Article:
Elliot Fernandez

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The Ancient Near East in the 1st Millennium

The First Millennium BC encompasses the Iron Age in the Ancient World and sees the transition from the Ancient Near East to classical antiquity.
Elliot Fernández

Elliot Fernández

He has a degree in History from the Autonomous University of Barcelona (2009) and a Master's in World History from Pompeu Fabra University (2011).

24/03/2022 | Last update:

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The new Syria-Palestine reality

The Phoenician cities

On a narrow strip of land between the mountains of Lebanon and the Mediterranean Sea and with very favourable conditions for agriculture, a series of cities arose that would soon become very powerful. In what is now Lebanon, vineyards, olive trees, fruit trees, etc. were already being cultivated in the 1st millennium BC. The only problem was the narrowness of the territory.

In this coastal strip, the most important cities were: Arwad, Byblos, Beruta or Beritos (present-day Beirut), Sidon and Tyre. These cities enjoyed great prosperity from 1200 BC onwards. These cities never formed a political unit. The term “Phoenicians” was invented by the Greeks. The Phoenician cities were the result of a long process of sedentarisation by the Amorites, who had founded cities that were part of the Canaanite culture. The coastal cities based their life on trade.

Phoenician territory
Map of the Phoenician territory and the main cities. Source: Wikipedia.org

From the 12th to the 10th century BC, it was a time of great prosperity. Complete independence of the city-states. Cities were very active in trade and craftsmanship. The Phoenicians became the merchants of the whole area.

From the 9th century BC, the political reality began to change. The Assyrians regained strength and crossed the Euphrates River. In the middle of the 9th century BC, Shalmaneser III (Assyrian king) forced all the Phoenician cities to pay a tax. This control increased until the middle of the 8th century BC, when Tiglath-Pileser III conquered all the Phoenician cities except the southernmost, Tyre.

In the 7th century BC, with the Assyrian Empire gone, the successors, Babylon, occupied the Phoenician cities and conquered Tyre. This meant the loss of independence for these Phoenician cities, which they would never regain.

Commercial issue

The Phoenicians went to the West to look for unprocessed products (silver, metals, gold). In the East they were looking for swords, slaves… The political situation in which the Phoenicians found themselves was not very organized. The Phoenicians had an advantage, as they brought processed products and obtained raw materials in exchange. They made expeditions in search of ivory. International trade moved to the Red Sea.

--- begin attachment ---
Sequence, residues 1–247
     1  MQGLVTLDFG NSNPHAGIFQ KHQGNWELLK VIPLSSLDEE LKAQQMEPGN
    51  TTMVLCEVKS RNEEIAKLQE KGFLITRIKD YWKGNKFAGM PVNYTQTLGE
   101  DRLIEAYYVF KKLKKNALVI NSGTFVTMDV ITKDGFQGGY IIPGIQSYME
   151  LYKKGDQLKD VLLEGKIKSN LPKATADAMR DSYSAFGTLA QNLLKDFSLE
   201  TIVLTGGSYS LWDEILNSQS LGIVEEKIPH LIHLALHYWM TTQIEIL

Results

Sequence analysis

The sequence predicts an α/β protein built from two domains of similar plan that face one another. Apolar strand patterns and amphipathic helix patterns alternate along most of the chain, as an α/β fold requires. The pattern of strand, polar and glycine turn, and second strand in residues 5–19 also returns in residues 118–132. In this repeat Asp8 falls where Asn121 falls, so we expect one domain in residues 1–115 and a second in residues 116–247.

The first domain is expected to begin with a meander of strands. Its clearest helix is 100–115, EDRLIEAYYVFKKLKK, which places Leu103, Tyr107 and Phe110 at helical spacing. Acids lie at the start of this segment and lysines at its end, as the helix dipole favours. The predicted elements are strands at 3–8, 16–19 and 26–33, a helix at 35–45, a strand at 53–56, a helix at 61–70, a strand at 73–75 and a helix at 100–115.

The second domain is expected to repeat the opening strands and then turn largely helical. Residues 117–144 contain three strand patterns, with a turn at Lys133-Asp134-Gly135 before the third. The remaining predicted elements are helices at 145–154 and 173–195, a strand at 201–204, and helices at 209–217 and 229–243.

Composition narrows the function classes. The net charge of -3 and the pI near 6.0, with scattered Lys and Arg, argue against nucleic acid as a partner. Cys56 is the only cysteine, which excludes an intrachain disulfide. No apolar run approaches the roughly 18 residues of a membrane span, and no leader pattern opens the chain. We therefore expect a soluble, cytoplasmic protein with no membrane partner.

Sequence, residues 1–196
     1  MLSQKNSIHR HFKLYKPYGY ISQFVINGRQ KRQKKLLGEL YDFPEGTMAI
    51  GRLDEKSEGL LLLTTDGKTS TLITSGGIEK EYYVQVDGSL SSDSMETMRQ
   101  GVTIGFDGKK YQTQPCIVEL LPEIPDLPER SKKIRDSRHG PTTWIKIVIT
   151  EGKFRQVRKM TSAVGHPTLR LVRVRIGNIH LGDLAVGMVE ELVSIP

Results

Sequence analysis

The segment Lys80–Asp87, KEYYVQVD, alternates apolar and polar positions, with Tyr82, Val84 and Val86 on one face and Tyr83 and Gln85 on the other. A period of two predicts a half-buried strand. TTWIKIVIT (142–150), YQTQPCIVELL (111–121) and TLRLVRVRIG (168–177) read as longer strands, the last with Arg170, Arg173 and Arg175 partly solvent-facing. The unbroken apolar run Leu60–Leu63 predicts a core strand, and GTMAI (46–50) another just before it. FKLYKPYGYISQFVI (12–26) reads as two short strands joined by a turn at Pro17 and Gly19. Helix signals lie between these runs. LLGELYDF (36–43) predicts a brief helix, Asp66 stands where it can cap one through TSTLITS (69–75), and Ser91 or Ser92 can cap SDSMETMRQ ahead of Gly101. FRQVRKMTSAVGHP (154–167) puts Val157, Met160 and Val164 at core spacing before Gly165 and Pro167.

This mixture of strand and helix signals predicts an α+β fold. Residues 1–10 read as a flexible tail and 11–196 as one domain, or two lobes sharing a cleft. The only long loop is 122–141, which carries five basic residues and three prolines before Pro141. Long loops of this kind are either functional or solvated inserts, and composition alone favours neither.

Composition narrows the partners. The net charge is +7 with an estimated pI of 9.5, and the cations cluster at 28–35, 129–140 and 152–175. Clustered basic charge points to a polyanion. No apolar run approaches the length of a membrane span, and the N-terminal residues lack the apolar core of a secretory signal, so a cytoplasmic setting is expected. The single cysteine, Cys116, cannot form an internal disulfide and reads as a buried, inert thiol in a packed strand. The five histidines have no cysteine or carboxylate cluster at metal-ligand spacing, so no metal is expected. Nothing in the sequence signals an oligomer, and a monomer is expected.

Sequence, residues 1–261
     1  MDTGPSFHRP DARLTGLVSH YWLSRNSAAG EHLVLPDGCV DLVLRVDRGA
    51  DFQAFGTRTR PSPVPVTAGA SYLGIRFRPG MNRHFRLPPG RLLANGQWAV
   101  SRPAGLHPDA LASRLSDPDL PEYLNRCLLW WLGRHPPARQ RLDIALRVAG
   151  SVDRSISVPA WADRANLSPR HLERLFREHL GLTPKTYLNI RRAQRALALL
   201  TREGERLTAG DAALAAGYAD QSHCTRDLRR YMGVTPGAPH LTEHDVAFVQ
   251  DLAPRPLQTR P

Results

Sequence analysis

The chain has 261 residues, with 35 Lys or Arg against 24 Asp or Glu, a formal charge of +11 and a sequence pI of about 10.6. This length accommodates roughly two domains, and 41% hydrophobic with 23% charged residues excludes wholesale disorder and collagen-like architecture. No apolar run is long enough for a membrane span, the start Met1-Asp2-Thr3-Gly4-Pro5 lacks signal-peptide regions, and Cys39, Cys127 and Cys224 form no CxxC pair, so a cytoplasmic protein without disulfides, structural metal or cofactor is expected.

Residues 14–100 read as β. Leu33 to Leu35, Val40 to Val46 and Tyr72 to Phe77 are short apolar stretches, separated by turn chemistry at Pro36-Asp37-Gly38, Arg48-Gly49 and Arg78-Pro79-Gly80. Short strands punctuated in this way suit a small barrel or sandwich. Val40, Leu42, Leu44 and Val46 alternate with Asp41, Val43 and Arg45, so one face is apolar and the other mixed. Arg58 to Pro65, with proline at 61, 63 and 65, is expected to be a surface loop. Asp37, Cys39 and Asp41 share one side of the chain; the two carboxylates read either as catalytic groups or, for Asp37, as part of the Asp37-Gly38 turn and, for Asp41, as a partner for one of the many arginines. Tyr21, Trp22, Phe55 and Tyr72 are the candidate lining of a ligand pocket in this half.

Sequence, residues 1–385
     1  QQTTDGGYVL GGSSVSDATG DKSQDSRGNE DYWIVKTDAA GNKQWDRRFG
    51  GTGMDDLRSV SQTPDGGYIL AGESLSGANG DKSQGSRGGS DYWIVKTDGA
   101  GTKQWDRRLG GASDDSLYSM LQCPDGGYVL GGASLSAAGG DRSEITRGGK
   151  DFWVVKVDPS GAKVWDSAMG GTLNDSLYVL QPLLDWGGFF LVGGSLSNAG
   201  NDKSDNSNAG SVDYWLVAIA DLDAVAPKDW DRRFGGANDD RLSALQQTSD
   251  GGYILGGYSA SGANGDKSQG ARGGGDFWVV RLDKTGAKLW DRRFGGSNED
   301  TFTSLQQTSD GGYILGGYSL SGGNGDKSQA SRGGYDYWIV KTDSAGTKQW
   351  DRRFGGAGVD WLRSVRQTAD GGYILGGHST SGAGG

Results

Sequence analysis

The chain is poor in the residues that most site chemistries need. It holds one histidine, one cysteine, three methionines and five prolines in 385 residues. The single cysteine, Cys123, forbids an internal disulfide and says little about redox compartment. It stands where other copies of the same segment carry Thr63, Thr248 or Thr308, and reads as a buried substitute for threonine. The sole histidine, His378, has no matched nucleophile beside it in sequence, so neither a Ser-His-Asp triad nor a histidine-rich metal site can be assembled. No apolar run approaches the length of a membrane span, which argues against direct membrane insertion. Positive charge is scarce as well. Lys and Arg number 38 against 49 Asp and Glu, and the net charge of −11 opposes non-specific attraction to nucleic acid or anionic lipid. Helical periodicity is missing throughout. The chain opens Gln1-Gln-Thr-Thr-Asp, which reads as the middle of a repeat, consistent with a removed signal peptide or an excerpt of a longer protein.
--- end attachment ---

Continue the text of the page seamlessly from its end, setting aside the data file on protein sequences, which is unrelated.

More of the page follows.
Tyre’s suppliers: there were major absences, such as Egypt, which produced nothing of interest, and Babylon, as a result of the Assyrians’ blockade of them. Most trade was by land, despite being coastal cities. Only exotic goods could arrive by sea.

Trade in the 2nd millennium BC was the work of the great states. In Egypt, trade was managed by the pharaoh. They were expeditions of states with whom he maintained diplomatic relations. In contrast, Phoenician trade in the 1st millennium BC consisted of private fleets, protected by local commerce. The Phoenicians were merchants, specializing in the transport and resale of goods.

There are two major periods in this trade:

11th-10th centuries BC:

  • Trade specialized in long-distance expeditions, to Ophir (a city in the Bible known for its riches and which scholars believe may be in Central Africa, where oil, frankincense) or Ardis (western Mediterranean, silver and pond) were traded.
  • Annual rhythm. In summer, the ships left the Phoenician cities. They stayed at their destination for a year and returned to Phoenicia the following summer.
  • The ships made few stops.
  • These were precious commodities.
  • The kingdoms encountered by the Phoenicians were in embryonic formation.

4th-7th centuries BC:

  • Travel was much more frequent.
  • They can be archaeologically verified.
  • They were carried out in western mining areas such as Sardinia, the Iberian Peninsula, Tunisia, Sicily and Atlantic Africa.
  • They begin to have very close competitors, such as the Greeks and the Etruscans.
  • The products exchanged were also different. At this time Tyre was isolated.
  • The process of Phoenician colonization of the Mediterranean.
    • 11th-10th centuries: Establishment of permanent factories in Cyprus.
    • 8th century: Parallel to Greek colonization, establishment of permanent factories and stable colonies, foundation of Carthage. Changes in the Phoenician cities, some Phoenician centres were abandoned and left for their colonies. The fall of Tyre in 573 BC.
Trade routes of the Phoenician cities